1. Hozman, Suellen BS, RN

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The audience huddles at round tables in the big room. The tables are set; there are cloth napkins. There's a raised platform for the speakers and fundraisers. Then it begins. Quiche, fruit, and pep talks. First, the executive director of Making Strides Against Breast Cancer gives the I'm-so-moved-at-the-outpouring-of-support speech. Next, time is given to the businesses that pledged the largest amount of money to the organization. You'd recognize the names. They're the big employers in your community. Finally, there is the survivor.


She is upbeat, grateful, and hopeful-despite the chemo, radiation, and surgery. She's in her 30s. She has small children. She smiles when she describes how much she loves her doctors and nurses. She says that she's a better person now. She doesn't describe the indigestible images of cancer: nonanesthetized injections at the tumor site, breasts and nipples inflamed from radiation. The audience finds her inspiring; their quiche goes down just fine.


I admire the survivor. I'm happy for her strength and spirit. I feel terrible that she got breast cancer at such a young age, before her children were grown. As a single parent, I asked not to die until my boys were grown. I got that wish.


But there's another side to the cancer story.


I joined the club on May 8, 2000. I was at my mother's apartment when I called my doctor's office for my results. I was shocked. So was my mother. "And you eat vegetables," she said. "You never know." At 86, a first-generation American born of Russian Jewish parents, my mother knew something about life's absence of guarantees.


From the beginning, my close friends and immediate family were wonderful. After the diagnosis, my good friend Robert drove me to my son Joshua's house. Joshua, who fills a doorway, held me, wept, and said, "Mom, we're doing this together."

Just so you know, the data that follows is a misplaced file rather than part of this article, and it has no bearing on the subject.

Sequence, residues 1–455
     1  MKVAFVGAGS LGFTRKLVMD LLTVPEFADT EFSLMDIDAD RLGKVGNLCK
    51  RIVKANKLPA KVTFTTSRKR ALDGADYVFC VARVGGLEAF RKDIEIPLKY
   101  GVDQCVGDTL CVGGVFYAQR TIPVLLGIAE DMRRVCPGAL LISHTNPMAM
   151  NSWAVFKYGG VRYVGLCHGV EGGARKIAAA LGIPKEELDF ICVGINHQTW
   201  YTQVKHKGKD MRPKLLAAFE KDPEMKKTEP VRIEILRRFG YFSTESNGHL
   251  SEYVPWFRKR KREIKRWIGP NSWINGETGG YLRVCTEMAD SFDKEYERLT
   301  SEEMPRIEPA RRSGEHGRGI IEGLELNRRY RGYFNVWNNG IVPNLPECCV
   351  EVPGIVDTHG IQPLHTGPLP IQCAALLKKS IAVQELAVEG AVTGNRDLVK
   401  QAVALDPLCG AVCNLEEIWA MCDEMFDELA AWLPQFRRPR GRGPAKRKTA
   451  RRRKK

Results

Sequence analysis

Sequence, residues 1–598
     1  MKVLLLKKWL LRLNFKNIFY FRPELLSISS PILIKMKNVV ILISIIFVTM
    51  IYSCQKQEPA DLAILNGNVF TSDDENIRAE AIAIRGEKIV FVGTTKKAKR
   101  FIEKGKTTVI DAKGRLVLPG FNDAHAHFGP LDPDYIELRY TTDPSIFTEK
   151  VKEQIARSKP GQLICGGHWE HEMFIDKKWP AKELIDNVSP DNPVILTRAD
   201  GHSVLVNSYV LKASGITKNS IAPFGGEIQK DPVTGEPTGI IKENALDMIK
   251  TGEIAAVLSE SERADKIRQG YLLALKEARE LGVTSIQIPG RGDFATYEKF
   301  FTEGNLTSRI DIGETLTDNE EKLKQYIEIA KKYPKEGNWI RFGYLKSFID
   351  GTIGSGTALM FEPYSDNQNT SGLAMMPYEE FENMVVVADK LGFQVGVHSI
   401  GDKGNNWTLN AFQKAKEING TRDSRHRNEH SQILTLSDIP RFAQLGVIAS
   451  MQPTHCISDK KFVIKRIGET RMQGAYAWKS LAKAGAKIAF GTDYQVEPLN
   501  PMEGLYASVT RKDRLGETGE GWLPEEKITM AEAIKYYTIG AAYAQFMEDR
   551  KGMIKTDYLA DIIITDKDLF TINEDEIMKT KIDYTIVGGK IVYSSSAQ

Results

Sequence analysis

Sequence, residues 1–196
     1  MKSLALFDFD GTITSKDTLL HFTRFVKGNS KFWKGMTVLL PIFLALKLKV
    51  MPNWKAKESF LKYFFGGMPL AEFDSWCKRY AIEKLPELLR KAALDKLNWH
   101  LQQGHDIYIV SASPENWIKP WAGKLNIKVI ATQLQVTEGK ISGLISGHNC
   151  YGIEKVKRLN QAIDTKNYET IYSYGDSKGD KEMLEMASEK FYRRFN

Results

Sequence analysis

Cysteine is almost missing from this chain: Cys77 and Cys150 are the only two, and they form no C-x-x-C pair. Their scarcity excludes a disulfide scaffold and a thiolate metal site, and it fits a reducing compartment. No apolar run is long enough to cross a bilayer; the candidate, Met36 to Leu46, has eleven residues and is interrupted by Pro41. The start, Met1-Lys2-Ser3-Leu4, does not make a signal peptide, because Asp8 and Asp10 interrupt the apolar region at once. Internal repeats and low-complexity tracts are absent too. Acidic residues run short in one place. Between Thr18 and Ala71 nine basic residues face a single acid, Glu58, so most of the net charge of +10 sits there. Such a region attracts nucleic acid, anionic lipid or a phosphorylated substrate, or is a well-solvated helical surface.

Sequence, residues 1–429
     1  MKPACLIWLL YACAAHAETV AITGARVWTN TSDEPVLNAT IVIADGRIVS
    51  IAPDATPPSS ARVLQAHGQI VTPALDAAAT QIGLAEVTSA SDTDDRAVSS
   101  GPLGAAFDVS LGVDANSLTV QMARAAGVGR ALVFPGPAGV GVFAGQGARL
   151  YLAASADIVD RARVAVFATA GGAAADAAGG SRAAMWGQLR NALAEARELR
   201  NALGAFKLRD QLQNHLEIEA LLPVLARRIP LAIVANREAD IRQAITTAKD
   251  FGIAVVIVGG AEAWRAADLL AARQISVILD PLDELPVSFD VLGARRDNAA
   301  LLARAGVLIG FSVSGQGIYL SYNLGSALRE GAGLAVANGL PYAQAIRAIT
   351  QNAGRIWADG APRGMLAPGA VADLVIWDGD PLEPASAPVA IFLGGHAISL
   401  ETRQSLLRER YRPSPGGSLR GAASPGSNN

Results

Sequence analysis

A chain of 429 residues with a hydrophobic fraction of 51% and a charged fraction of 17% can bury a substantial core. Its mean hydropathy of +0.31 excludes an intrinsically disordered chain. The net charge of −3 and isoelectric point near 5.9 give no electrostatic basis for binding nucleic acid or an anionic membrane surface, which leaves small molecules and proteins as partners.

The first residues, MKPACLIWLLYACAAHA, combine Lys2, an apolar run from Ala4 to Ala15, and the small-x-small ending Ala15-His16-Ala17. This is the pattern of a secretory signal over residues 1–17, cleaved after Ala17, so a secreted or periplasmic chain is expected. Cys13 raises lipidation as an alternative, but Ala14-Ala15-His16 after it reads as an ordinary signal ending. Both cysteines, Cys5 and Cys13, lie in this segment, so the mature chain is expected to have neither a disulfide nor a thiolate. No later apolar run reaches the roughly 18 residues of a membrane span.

FIGURE. No caption a... - Click to enlarge in new windowFIGURE. No caption available.

But it was different with acquaintances. With them, conversations would go like this:


"I have breast cancer."


"Oh, I know an aunt [sister, wife, friend, coworker] who had breast cancer."


How should I have responded? Need I have asked to hear their stories and braced myself to learn about the dead ones? Is this a breast cancer competition? I wanted to ask, "Do you want me to feel good about my diagnosis just because I'm still alive?" It stunned me that coworkers and acquaintances found it so hard to simply listen. Why was it so uncommon for someone to say, "I'm sorry for your pain"?


I tried a local support group. The stories from the young women dealing with second and third occurrences were too brutal. It reminded me of my childhood neighbors, Holocaust survivors with numbers on their arms. It felt like breast cancer genocide. I made it to only one meeting.


So I became private, no longer sharing my diagnosis in casual interactions. I needed all my emotional reserves to survive the damn treatments. The cancer never hurt until I agreed to get cured.


There's no cookie-cutter treatment for breast cancer. Mine was mine: two surgeries, six weeks of radiation, and 13 months of tamoxifen (Nolvadex). It caused vocal chord disturbance, resurrection of irritable bowel syndrome, first-ever asthma symptoms, nonstop vaginal yeast infections, and atrophic vaginitis. Tamoxifen was killing me. But no alternate drug options were made available, even after I asked my oncologist. So I simply stopped taking it.


But I never stopped working. I received radiation at 7:15 AM and was usually at work by 8. No one brought me food, mowed my lawn, offered to take me out, or brought me a candle. As a single parent since 1978, I've come to be known as independent and self-sufficient. I didn't ask for help; I just continued on, day by day. There are millions like me out there who didn't win the Tour de France after cancer.


So I'm not a better person as a result of cancer. I'm unattractively hypochondriacal. I feel a pain in my groin after my daily walk and wonder if it's the first sign of pelvic cancer. Cancer wasn't my epiphany. It was painful and lonely. I'm the other cancer story. And I'm still alive.